A graph on the package indicated that the antenna had a gain of 7 to 8 dB, and the documentation stated that great care went into proper impedance matching.
The C5 consists of two pieces—a more or less rectangular "loop" with a small box at the bottom sporting an output connector. The other member is similar to the "loop" but is in the form of a sideways "H" affixed to a mesh element that is obviously a reflector, but one that seems more in keeping with what you'd find on a UHF bowtie rig. The hardware supplied consisted of screws, washers, spacers, and U-bolts for mast mounting. There was also a V/U combiner (diplexer) in a nice weatherproof enclosure.
As I really wasn't too keen about working in the attic, I decided to assemble the antenna down below to see how things fitted together, then take it apart and squeeze the pieces through the hatchway.
Assembly was surprisingly easy, taking no more than 10 minutes. It consisted of joining the two sections via the supplied spacers. The only tool required was a Phillips screwdriver. The U-bolts for mast attachment came with wing nuts, so I didn't even need the usual 7/16-inch wrench.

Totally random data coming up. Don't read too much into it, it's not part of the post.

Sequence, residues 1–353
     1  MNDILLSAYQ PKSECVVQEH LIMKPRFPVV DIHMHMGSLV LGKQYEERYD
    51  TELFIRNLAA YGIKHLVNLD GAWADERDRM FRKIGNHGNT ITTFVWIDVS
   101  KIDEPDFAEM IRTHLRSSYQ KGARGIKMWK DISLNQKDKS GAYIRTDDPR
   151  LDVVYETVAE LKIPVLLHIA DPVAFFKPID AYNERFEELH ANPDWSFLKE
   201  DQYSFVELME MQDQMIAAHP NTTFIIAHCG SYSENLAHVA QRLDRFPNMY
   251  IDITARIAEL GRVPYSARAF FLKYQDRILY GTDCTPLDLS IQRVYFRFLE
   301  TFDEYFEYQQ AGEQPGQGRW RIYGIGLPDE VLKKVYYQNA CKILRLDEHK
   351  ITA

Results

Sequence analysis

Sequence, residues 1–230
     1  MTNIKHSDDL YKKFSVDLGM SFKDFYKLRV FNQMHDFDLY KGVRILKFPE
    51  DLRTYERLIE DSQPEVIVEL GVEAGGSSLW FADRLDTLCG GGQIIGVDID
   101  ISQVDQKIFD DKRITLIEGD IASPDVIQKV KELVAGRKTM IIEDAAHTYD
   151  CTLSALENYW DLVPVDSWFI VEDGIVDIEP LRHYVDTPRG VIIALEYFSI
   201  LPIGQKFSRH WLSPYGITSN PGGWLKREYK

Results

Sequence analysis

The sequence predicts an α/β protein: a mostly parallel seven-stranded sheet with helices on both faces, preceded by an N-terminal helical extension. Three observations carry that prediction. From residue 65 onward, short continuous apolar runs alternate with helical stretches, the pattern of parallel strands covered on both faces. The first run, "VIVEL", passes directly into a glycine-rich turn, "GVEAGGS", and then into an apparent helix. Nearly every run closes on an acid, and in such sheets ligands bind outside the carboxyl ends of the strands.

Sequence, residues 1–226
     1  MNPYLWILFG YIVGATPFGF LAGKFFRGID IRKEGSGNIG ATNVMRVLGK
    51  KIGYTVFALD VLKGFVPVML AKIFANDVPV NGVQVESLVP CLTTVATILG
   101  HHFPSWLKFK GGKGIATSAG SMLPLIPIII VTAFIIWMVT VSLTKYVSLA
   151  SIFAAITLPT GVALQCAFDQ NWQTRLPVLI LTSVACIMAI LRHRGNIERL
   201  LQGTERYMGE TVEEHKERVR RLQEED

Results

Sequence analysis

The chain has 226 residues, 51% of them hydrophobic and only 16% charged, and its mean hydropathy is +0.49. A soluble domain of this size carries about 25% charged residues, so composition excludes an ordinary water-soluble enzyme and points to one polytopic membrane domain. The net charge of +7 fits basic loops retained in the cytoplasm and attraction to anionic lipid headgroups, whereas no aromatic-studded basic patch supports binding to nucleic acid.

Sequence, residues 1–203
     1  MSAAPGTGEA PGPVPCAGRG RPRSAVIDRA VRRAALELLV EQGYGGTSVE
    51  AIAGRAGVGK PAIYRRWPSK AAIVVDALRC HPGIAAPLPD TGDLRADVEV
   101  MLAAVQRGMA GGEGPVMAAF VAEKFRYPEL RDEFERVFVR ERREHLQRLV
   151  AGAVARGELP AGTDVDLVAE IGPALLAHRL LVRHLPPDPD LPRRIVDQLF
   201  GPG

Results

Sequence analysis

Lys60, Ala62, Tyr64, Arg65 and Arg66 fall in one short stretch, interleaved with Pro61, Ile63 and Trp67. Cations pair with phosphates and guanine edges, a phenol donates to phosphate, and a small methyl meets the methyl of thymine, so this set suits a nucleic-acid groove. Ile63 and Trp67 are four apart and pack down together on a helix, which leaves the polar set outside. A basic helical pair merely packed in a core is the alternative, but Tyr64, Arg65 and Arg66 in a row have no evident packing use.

Once the antenna was assembled, it looked even smaller than I'd imagined.
Eight dB of gain from that?
I decided to try it out "on the ground," as I really didn't think it was up to nailing the D.C. stations from such a distance, and didn't want to take it to the attic if it didn't perform.
I located a 10-foot length of plastic pipe to serve as a mast and supported things via a patio table that came equipped with a hole and base for a large umbrella. The table was located on my deck, providing an antenna elevation of perhaps 12 feet AGL.
I sighted the antenna in on an appropriate bearing for the Ch. 9 transmitter, ran a temporary feedline to my DTV receiver and punched in 9.1 on the remote.
I hadn't really expected much right away—perhaps at best some "stuttering" and breakup. Was I ever surprised!
Almost instantly a football game in HD popped up. No tweaking of the antenna was necessary and the image was extremely solid.
After following the game for a while, curiosity overcame my interest in football and in the pursuit of science I removed the antenna from its mast and brought it indoors.